PERSPECTIVE: Why Jones’s fresh approach may be a boon for DMB&B

At first sight, David Jones’s appointment to the group chairman’s role at DMB&B is a curious one. A kneejerk reaction might be to raise an eyebrow that a manager so steeped in the traditions of Collett Dickenson Pearce and Lowe Howard-Spink should move to a group currently conducting the largest attempt at full-scale integration in the London industry, and one whose advertising agency - rightly or otherwise - has never been associated with the values of Jones’s former agencies. Jones’s image is as unlike that of the departing chairman, John Farrell, as you will find. Perhaps therein lies the attraction.

At first sight, David Jones’s appointment to the group chairman’s

role at DMB&B is a curious one. A kneejerk reaction might be to raise an

eyebrow that a manager so steeped in the traditions of Collett Dickenson

Pearce and Lowe Howard-Spink should move to a group currently conducting

the largest attempt at full-scale integration in the London industry,

and one whose advertising agency - rightly or otherwise - has never been

associated with the values of Jones’s former agencies. Jones’s image is

as unlike that of the departing chairman, John Farrell, as you will

find. Perhaps therein lies the attraction.



Farrell was much maligned when he first took the job, partly because of

the fondness in which the former bosses, Graham Hinton and Tony Douglas,

were held around town, but mostly because he was easily pigeon-holed as

a ’shelf-wobbler’, and such types don’t understand advertising,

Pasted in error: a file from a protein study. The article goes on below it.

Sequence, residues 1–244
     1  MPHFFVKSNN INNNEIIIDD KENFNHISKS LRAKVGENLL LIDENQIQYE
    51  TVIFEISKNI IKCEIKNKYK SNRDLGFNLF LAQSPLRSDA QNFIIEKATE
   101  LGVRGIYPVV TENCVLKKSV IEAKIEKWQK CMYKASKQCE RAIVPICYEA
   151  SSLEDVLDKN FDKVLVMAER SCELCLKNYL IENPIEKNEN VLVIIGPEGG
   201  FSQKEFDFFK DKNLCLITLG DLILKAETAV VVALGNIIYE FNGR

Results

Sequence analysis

’luv’.



He has since demonstrated that, at the very worst, he is more than

capable of running an agency group, and improving its performance. He

has let his agency managers, Barry Cook and Jeremy Pemberton, take the

lead, and the quality of the output has steadily improved. However, the

new-business performance has not kept pace with these improvements. If

anything, DMB&B is guilty of not marketing itself as strongly as its

competitors.



The agency also suffers from a peculiar problem that several other

groups might wish to have: the relative strength of the Media Centre and

IMP, both of which continue to thrive in their respective fields. This

happy situation somehow contrives to make the agency appear less dynamic

by comparison. And, to compound this problem, like McCann-Erickson, Grey

and Ammirati Puris Lintas, it already had to work harder to convince

people of its creative capabilities.



Enter Jones, rescued from the club-class circuit, anxious to stop

putting out fires for others and start a few himself.



One of his more pressing tasks will be to replace some of the new

business lost in the past two years: Budweiser, Royal Mail, Whiskas and

Burger King. This means marketing a better product that includes work

for Fiat, Umbro and Littlewoods.



Jones is not alone in this - more of the onus will now fall on Cook, and

perhaps there is room for another senior hiring. The best agencies

around town today need to have a greater strength in depth at top

director level.



Anyone believing that he will impose old-fashioned structures on the

place must be mistaken. Farrell, for one, would not have been involved

in appointing such a successor, and even more obviously the market in

general appears to be heading in the DMB&B group’s way. Jones must now

make sure the agency gets a bigger slice too. Much depends on how hungry

he still is.



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